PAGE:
Day 8:What about their earlier school days? Write a scene of your character in grade school or middle school.
So since I covered early years here, I’m going to keep going chronologically. It’s not exactly sticking to the challenge, but I think it’s an important part of where we end up. This follows immediately on from Day 6.
That was how ended up at the Ventnor Court School for Special Needs. It was a redbrick Victorian construction that had been adapted for the needs of the school. A central hall led out into classrooms and activity spaces, while upstairs held the bedrooms. ‘Carers’ stood guard at all times and helped those who couldn’t help themselves.
Memories of Ventnor come back to me in flashes, really. The first year was all gratitude that I wasn’t getting beaten for being weird anymore. Everyone here was weird. It was just the way it was. The fact that I knew things I didn’t know I knew was barely more than a quirk amongst all these kids who really needed help.
Scott was the first person I met after my parents bid me a tearful goodbye outside my room. He was sitting on his bunk watching us hug and cry out in the hall. When I came in he nodded and said,
“Your parents. They’re a bit relieved you’re gone.”
And that was how our relationship started. Looking back, I’m sure he was somewhere on the autistic spectrum. We fought over that for a while; probably because he was right. As a kid, just thought he was rude and smart. I wasn’t wrong, I just didn’t know at the time that that was a thing.
The bedroom had a cold fireplace and two hard single beds. The girls lived on the other side of the stairwell. At 12 I was only just starting to realise why that was important.
We took classes like any other kids our age: English, maths, science, etc. A few of us were given classes away from the other kids at a higher level. I remember Scott describing the other class as “Pencil-use 101”. I didn’t really know what he meant, so I just nodded.
As usual in class, whenever I was asked a direct question I could answer it. The funny thing was that a lot of the time, so could Scott. He devoured books like no one else I’d ever met. He could apply his entire mind to a thing – like a book or a math problem – and it would be done and past in the amount of time it to the rest of us to get halfway through the book or understand the question.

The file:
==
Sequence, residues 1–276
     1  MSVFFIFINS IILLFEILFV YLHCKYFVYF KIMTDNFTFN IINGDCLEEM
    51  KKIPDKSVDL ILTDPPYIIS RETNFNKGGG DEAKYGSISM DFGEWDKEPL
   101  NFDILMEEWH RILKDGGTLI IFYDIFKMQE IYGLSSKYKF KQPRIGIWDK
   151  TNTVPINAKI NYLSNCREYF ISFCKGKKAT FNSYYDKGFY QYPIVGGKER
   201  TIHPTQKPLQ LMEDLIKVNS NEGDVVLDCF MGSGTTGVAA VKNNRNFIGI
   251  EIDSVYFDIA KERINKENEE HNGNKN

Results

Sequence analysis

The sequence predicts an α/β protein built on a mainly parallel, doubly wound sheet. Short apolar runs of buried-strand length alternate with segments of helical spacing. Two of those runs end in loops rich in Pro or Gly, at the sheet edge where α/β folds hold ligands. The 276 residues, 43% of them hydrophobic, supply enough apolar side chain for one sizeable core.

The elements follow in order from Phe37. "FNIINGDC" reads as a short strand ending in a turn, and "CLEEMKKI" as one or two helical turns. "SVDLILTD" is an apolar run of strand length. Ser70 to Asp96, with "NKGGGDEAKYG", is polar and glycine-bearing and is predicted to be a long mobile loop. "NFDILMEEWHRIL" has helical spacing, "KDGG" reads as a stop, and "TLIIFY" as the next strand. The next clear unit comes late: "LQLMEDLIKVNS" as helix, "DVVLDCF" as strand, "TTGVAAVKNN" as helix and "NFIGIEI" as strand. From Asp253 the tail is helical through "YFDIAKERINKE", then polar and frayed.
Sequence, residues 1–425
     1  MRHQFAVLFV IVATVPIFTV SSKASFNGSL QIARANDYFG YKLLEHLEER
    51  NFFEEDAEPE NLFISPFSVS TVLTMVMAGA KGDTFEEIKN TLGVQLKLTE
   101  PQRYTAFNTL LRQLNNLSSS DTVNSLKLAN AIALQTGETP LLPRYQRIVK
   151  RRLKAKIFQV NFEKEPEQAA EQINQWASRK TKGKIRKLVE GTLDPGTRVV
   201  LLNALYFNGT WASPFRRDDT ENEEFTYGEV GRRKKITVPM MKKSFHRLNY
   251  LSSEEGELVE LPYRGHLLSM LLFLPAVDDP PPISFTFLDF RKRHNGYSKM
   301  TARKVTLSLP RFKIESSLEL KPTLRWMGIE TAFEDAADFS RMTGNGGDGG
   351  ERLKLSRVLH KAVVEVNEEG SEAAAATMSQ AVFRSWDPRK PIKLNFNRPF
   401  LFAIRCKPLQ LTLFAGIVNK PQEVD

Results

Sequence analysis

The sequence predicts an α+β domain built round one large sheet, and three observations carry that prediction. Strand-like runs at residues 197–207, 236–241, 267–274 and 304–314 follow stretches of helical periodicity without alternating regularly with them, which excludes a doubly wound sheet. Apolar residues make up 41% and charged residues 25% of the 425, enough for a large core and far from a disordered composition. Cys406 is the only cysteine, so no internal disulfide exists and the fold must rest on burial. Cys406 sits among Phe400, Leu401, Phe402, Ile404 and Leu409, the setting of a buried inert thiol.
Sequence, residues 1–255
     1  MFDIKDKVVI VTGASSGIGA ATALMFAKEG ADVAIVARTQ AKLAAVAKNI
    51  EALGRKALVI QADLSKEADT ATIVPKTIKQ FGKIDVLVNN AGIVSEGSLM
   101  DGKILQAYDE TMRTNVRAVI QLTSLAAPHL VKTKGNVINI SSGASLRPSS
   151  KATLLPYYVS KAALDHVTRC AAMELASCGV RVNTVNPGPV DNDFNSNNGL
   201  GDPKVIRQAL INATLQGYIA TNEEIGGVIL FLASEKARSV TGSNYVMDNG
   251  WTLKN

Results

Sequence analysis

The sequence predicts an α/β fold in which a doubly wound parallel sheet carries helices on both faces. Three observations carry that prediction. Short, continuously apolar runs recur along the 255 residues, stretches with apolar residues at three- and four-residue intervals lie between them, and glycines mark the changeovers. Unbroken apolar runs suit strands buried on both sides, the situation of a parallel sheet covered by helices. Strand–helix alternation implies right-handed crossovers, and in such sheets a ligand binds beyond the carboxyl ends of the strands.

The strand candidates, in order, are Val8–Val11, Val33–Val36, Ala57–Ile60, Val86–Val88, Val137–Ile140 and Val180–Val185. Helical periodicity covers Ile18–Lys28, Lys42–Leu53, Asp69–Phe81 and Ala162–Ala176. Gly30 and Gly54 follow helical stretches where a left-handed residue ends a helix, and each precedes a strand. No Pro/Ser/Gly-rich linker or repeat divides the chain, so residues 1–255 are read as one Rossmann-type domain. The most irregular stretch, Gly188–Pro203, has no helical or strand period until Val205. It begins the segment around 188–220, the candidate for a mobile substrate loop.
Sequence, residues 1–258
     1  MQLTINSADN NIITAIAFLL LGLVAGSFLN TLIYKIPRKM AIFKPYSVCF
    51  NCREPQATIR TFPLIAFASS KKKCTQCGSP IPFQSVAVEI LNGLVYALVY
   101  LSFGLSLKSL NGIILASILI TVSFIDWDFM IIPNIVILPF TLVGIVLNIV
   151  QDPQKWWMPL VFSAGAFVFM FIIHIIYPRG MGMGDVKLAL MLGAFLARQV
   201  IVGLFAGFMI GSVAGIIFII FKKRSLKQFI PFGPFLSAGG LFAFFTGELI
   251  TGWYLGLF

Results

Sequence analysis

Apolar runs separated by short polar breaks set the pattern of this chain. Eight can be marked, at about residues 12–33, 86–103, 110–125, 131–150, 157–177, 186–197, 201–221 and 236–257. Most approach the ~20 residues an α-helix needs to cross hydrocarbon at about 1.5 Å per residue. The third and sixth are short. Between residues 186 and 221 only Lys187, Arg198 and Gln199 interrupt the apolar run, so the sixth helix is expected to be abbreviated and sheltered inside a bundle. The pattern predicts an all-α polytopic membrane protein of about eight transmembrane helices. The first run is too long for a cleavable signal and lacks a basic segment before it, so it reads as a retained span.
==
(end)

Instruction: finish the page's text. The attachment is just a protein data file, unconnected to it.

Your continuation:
History class was the most interesting to me. I was fascinated by all the swords and horse-riding and Kings and murder. Our teacher, Mr Mirrlees was a very intense man with a shaved head who used to jog to work every morning with a huge bag on his back. We used to talk about how it was full of bricks and how he’d been a spy or a marine or something. Even as an adult I can’t completely convince myself that these things weren’t true.
I remember one day Mr Mirrlees took me aside one day after class. We’d been studying the Aztecs and Conquistadors. Ironic in hindsight. Anyway, he’d asked me the names of all the Kings of Tenochtitlan. And I had. That was when he sent me to speak to Mr. Fleming.
“Do it now, Wilson.”
I’ll never forget that last order. Sometimes I wonder if I’d be working in a bank now if I’d ignored it.
Mr. Fleming was at least a thousand years old. He had and unconvincingly dyed beard and teeth that all seemed to have their own routes to success. He had an office in the Victorian depths of the building decorated with the smell and heft of old, leather-bound books. He sat behind a polished oak desk. Scott once pointed out that it’s dimensions were such that it had clearly been built either inside the room or before the walls had been completed.
It was Mr. Fleming who first started teaching me about some of the other sapient species who share our Earth. He taught me the alternative history, taught me about my power. Fleming was my mentor. But I won’t bore you with all that Dumbledore stuff. What really changed things for me was when he introduced me to his granddaughter, Maria.
Okay, this one petered out. I don’t write YA fiction for a reason.